Number 2035                                                                   
 REPRESENTATIVE ROBINSON said the language really did not make a lot           
 of difference.                                                                
 Number 2041                                                                   
 REPRESENTATIVE PORTER suggested a friendly amendment to include the           
 language "to a level up to" rather than "up to."  Furthermore, he             
 did not agree with a mandate but agreed more with encouraging a               
 policy to try to get to reach this level.  The new language would             
 work towards that purpose.                                                    
 CHAIR JAMES called for a roll call vote.  Representatives Ogan,               
 Porter, Robinson, and Willis voted in favor of the friendly                   
 amendment.  Representatives James, Green and Ivan voted against the           
 friendly amendment.  The friendly amendment passed.                           
 Number 2122                                                                   
 REPRESENTATIVE ROBINSON stated she did not agree with a mandate.              
 She suggested a resolution or a letter through the House State                
 Affairs Committee voicing its concerns.  She would not hold the               
 bill, however.                                                                
 Number 2150                                                                   
 CHAIR JAMES agreed with Representative Robinson.  She reiterated              
 she was disappointed that it was even an issue being discussed                
 Number 2156                                                                   
 REPRESENTATIVE IVAN moved that CSHB 345(STA) (9-LS1179/C) move from           
 the committee with individual recommendations and attached fiscal             
 notes as amended.  Representative Willis objected.  A roll call               
 vote was taken.  Representatives James, Ogan, Green, Ivan and                 
 Porter voted in favor of the motion.  Representatives Robinson and            
 Willis voted against the motion.  The bill was moved to the next              
 committee of referral.                                                        
 HB 383 - REIMBURSE FOR LOCAL SERVICE TO INEBRIATES                          
 The next order of business to come before the House State Affairs             
 Committee was HB 383.                                                         
 CHAIR JAMES called on Representative Ivan Ivan, sponsor of the                
 Number 2240                                                                   
 REPRESENTATIVE IVAN read the following sponsor statement into the             
 "Widespread alcohol abuse not only damages Alaska's families and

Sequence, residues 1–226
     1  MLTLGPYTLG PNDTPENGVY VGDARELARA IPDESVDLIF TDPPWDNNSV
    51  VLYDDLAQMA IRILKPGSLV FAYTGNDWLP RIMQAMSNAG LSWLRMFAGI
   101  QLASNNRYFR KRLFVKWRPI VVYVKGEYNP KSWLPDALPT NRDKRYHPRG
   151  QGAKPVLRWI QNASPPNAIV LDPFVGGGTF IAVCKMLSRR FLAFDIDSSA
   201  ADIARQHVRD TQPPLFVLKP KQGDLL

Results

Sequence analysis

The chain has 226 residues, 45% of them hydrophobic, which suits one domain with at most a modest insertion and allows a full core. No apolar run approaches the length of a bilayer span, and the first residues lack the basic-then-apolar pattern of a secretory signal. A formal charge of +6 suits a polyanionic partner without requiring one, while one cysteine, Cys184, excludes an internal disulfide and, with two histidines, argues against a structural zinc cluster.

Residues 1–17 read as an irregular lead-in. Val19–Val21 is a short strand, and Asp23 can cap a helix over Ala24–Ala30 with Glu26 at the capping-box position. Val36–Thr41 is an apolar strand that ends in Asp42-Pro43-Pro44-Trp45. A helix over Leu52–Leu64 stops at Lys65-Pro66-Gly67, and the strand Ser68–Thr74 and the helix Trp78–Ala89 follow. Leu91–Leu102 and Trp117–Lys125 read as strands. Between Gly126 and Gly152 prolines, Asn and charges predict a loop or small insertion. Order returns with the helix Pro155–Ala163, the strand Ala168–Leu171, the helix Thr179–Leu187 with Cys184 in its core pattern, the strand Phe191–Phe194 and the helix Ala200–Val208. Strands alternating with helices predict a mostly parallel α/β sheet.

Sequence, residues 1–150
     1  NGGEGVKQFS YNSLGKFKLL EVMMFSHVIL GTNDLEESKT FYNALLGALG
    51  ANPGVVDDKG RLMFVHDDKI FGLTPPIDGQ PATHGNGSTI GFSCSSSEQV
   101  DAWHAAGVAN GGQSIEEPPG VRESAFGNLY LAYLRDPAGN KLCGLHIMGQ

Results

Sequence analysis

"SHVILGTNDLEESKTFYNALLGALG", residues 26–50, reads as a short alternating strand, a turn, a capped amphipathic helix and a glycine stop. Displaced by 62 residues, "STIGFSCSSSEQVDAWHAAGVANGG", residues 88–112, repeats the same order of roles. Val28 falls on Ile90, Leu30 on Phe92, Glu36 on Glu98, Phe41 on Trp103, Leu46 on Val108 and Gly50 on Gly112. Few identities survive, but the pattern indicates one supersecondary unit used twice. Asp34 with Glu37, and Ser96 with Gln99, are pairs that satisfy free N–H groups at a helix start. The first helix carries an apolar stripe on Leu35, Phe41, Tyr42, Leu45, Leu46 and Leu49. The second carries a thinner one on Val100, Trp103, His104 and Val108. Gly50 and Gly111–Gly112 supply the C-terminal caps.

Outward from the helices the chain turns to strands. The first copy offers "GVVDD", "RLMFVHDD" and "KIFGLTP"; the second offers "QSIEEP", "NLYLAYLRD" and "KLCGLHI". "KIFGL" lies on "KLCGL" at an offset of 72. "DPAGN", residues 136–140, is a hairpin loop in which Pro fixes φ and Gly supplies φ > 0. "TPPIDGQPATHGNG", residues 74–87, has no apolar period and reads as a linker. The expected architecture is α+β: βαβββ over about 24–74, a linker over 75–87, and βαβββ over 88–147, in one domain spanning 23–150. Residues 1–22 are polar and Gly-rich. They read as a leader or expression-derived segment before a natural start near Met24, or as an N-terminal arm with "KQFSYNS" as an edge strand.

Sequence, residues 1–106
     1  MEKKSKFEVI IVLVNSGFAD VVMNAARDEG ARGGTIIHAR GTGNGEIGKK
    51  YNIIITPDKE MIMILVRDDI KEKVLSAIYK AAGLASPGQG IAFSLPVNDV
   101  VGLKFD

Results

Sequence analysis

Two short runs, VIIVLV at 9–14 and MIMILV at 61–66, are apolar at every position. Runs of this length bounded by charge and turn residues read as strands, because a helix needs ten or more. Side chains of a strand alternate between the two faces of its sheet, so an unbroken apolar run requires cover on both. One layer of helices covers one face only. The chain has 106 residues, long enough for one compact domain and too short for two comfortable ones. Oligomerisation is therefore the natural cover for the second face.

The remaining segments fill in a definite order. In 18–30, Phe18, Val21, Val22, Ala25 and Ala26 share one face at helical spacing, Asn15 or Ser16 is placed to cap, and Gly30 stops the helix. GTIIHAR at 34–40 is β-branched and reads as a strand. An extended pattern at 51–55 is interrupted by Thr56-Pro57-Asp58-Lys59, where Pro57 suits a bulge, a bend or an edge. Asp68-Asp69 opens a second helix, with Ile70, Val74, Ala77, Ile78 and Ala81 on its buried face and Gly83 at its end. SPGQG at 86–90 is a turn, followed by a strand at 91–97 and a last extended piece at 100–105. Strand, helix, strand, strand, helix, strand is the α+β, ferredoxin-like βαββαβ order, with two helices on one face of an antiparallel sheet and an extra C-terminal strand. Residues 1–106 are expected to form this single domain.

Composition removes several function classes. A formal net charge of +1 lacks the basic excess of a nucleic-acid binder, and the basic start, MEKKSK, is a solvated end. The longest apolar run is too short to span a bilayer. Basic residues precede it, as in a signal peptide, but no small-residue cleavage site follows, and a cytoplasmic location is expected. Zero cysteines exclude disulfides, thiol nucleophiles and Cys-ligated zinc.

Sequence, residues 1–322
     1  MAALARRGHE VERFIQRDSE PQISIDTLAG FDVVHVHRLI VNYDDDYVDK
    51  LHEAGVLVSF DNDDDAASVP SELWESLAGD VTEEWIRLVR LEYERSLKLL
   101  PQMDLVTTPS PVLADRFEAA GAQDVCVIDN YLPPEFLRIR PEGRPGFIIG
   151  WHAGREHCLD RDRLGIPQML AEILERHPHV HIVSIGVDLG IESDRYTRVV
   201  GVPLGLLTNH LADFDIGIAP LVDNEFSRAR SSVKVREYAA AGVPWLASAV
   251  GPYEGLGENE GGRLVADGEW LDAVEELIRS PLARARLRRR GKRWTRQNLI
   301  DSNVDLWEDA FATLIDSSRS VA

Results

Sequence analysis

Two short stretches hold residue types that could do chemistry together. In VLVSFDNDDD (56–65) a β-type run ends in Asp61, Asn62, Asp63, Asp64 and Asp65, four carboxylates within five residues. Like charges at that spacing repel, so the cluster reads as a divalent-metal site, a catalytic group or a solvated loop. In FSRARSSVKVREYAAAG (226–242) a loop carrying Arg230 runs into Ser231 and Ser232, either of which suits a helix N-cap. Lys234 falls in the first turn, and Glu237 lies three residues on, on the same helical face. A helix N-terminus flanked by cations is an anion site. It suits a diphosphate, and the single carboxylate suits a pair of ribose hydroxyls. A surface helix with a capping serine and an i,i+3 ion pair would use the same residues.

society, but also drains public coffers at an alarming rate.  Local           
 governments constantly struggle under the financial burden of their           
 efforts to cope with alcohol problems.                                        
 "Those problems include the many public inebriates evident in our             
 "Under AS 47.37.170, local police take into protective custody a              
 person who appears to be intoxicated and incapacitated in a public            
 place and place that person in an approved public treatment or                
 detention facility.  A licensed physician or other qualified health           
 practitioner must then examine the inebriate as soon as possible.             
 If the person if found to be incapacitated by alcohol, he or she is           
 detained for no more than 48 hours in a health facility or for no             
 more than 12 hours in a detention facility.  Tremendous costs                 
 accrue to municipalities and public health facilities due to this             
 "By two methods, House Bill 383 will reduce or eliminate the                  
 financial burden that local governments and public health                     
 facilities bear each year fulfilling this unfunded mandate.                   
 "First, the bill provides for direct state grants to municipalities           
 and traditional village councils to reimburse them for the cost of            
 dealing with inebriates.                                                      
 "Second, the bill gives local governments the power to set taxes on           
 alcoholic beverages at whatever rate they want, regardless of                 
 whether or not they tax other sales.                                          
 "To help defray the state's granting cost as well as closing the              
 fiscal gap, reducing alcohol consumption and fighting crime, the              
 bill raises the alcohol excise tax for the first time since 1983."            
 REPRESENTATIVE IVAN further stated the bills that allowed for the             
 increase in alcohol tax were originally sponsored by Representative           
 Kay Brown, HB 96 and HB 97.  He explained they had been                       
 incorporated into HB 383 to reimburse the municipalities.  He                 
 reiterated the bill was trying to address the problems faced by               
 municipalities when taking care of inebriates.  It was a direct               
 result of an argument between the community of Dillingham and                 
 Bristol Bay in his district of who should take care of the                    
 Number 2397                                                                   
 CHAIR JAMES announced the House State Affairs Committee would only            
 hear testimony today.  There would not be any action taken on the             
 bill, however.